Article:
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A reminder to parents: Don’t be feeding honey to babies.
The FDA recently sent a safety alert reminding parents to avoid feeding children under a year old honey. This also applies to honey on pacifiers as well.
This safety alert was issued after Texas Health Services warned parents of the same thing due to the four cases they had that got four infants hospitalized. What got the children hospitalized was a case of botulism which was contracted via pacifiers that contained honey. The pacifiers in question came from Mexico, however there were similar items to these available all throughout the US on a retail level and in online stores.
For those who aren’t familiar with botulism that’s alright. It’s a pretty rare disease. That doesn’t take away from the fact that it is incredibly dangerous and has the potential to be fatal to infants. Botulism occurs when a child is exposed to botulinum toxins and can cause a people to have trouble with breathing, speaking, and swallowing. Some other clear signs of botulism is facial weakness and paralysis.
That being said, infants that are under a year old express some different symptoms. Some of these symptoms can be things like constipation but can include poor feeding or weak sucking. Some other signs include difficulty breathing but also loss of head control. These findings were reported by the Texas health department.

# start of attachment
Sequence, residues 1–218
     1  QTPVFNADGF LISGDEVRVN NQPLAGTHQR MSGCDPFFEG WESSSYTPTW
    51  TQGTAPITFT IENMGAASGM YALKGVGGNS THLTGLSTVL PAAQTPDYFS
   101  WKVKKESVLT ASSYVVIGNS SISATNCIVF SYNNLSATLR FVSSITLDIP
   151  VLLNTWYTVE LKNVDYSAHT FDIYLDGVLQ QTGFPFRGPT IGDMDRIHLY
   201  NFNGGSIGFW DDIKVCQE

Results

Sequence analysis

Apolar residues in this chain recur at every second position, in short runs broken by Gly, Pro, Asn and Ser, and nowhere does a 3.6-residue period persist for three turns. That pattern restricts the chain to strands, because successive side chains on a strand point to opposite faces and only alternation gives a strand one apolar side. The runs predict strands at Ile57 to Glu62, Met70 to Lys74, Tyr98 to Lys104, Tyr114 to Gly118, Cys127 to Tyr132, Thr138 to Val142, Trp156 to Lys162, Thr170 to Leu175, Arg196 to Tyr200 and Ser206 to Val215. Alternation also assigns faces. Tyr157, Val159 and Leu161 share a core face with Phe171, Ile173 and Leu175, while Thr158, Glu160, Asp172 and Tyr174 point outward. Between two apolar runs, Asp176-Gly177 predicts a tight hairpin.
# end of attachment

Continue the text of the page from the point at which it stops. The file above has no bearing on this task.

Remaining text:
Honey as we all know isn’t harmful to us, that is unless we are younger than a year. In the case of infants its clearly deadly as there is plenty of research showing that honey is linked to botulism within infants under a year older.
With this in mind, the FDA urges both parents and caregivers alike to avoid dipping pacifiers in honey or buying pacifiers with honey in them and giving them to infants under a year. The FDA has also made a call to online retailers who are selling related baby products to discontinue them immediately. The FDA is also working to identify retailers who carry these products while companies begin the removal process. They will be posting those companies on their Twitter page.
“If you purchased a pacifier that’s filled with honey, stop using it and discard it immediately,” the FDA wrote on Twitter.